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The new look stage by stage

Key stages 1 and 2: At primary level, the aim has been to clear space for the basics by cutting back on requirements for other subjects. SCAA chairman Sir Ron Dearing believes the cuts could free up the typical school's timetable for the equivalent of one day a week. But he agrees that a school with many pupils whose first language is not English will use much "free" time on literacy.

At KS2, where the overload is greatest, SCAA has cut 10 per cent more from the curriculum since the draft proposals published in May.

Sir Ron stresses that the national curriculum is not the whole curriculum, which includes RE, personal and social education, and other topics.

Coherence should have been improved, says Sir Ron, because the Orders have a common structure and are written in "plain English". SCAA's guidance on organising the whole curriculum should also help.

Key stage 3: The national curriculum has caused the least difficulty for lower secondary teachers, although conflict here has focused on the key stage 3 tests. Sir Ron has sought to assure teachers that improvements are being made and that next year's tests will be based on aspects included in the new curriculum.

The curriculum revisers have tried to ensure that there is a requirement for at least one aspect of each subject to be covered in depth; that there is flexibility; and that subjects not required at KS4 are covered in sufficient depth and breadth to enable informed choices at 14 and to provide a sound basis for future study and life outside school.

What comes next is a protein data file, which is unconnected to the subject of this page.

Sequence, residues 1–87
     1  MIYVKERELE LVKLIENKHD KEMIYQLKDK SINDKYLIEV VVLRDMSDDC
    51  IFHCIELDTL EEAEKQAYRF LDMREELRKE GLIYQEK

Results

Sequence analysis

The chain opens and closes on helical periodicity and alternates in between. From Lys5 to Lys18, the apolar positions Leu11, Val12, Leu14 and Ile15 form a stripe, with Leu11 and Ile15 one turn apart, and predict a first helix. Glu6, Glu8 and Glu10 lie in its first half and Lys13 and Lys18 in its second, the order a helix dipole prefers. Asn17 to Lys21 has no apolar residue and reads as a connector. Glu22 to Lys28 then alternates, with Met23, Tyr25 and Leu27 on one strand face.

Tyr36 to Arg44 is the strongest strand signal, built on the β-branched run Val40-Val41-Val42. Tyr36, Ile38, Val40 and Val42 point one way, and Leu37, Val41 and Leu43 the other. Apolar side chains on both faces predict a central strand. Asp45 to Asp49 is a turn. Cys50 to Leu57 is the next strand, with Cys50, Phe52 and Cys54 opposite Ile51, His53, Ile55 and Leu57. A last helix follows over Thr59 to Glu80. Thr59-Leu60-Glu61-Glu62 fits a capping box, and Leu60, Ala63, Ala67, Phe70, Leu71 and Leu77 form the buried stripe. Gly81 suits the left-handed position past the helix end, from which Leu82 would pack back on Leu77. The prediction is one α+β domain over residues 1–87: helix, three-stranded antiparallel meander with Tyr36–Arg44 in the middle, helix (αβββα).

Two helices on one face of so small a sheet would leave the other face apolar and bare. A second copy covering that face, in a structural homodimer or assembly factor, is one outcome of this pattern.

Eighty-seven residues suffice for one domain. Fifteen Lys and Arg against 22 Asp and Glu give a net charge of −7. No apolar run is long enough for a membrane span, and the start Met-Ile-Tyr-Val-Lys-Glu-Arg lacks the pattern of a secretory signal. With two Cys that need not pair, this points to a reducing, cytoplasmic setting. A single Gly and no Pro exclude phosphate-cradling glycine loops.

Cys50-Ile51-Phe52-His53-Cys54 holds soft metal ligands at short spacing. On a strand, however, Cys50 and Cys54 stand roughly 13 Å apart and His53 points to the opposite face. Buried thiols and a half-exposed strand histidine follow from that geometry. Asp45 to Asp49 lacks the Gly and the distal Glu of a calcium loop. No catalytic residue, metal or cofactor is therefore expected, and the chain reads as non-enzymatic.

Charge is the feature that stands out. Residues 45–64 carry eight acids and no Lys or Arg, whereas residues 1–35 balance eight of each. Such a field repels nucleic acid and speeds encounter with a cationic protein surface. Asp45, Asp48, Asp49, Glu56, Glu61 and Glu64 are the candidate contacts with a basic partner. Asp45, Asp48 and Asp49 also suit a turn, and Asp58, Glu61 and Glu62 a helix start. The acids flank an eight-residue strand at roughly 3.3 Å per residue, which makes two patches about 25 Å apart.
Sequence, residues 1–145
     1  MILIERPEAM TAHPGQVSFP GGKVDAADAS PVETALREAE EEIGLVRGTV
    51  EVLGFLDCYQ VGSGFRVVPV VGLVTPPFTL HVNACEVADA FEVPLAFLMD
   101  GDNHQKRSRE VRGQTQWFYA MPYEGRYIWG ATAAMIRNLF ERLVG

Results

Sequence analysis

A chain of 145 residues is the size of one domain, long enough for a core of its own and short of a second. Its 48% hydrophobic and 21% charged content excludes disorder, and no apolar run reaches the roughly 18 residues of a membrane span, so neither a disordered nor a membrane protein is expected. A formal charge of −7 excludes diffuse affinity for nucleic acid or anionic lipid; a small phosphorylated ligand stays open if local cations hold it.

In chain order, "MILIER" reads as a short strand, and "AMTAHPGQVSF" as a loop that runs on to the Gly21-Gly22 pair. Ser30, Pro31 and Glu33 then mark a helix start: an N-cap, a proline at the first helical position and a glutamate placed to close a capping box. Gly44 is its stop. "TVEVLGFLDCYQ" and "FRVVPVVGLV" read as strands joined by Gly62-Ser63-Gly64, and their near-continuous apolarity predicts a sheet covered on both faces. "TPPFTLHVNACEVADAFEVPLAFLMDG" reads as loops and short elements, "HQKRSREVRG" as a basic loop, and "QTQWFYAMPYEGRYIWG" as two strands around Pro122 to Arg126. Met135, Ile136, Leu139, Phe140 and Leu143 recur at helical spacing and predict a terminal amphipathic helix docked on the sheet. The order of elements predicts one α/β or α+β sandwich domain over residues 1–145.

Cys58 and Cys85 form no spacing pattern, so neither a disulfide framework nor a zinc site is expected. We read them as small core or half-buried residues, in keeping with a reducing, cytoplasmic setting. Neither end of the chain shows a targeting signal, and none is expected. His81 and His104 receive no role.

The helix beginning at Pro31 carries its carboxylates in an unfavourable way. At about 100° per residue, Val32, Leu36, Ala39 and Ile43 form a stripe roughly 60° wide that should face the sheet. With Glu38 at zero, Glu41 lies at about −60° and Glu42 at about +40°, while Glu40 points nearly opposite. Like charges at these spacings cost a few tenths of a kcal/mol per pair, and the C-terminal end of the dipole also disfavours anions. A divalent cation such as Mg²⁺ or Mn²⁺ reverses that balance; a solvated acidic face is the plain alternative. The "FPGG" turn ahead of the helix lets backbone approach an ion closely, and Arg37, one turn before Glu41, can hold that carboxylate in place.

Key stage 4: Now that the national curriculum has been resolved for key stages 1, 2 and 3, the controversy has moved on to KS4, where the new curriculum does not take effect until 1996. There are deep concerns about the vocational option being developed. Sir Ron insists it will not be a bolt-on extra.

Although these two aspects of the post-14 curriculum have been developed separately, curriculum advisers at SCAA and the National Council for Vocational Qualifications are working to map the vocational core skills of literacy, numeracy and IT against the requirements for English, maths and IT in the national curriculum. "The way we have been mapping the core subjects shows we see it as integral", Sir Ron said.

The KS4 required curriculum has been cut to 60 per cent of time. History, geography, art and music are optional, and only short courses are required in modern languages and technology.

Schools are particularly concerned about unified planning for vocational and academic options, and will want to ensure these slot comfortably together. The vocational core criteria are soon to be published, and a pilot GNVQ is to begin in September 1995.

The timetable: November 1994: Page proof copies of new Orders going to schools.

JanuaryFebruary 1995: Published copies of new Orders going to schools. Guidance on revising the primary curriculum. Guidance on implementing new Design and Technology and IT Orders.

June 1995: Advice on Level Descriptions.

September 1995: New Orders take effect for key stages 1-3.

September 1996 New Orders take effect for key stage 4.

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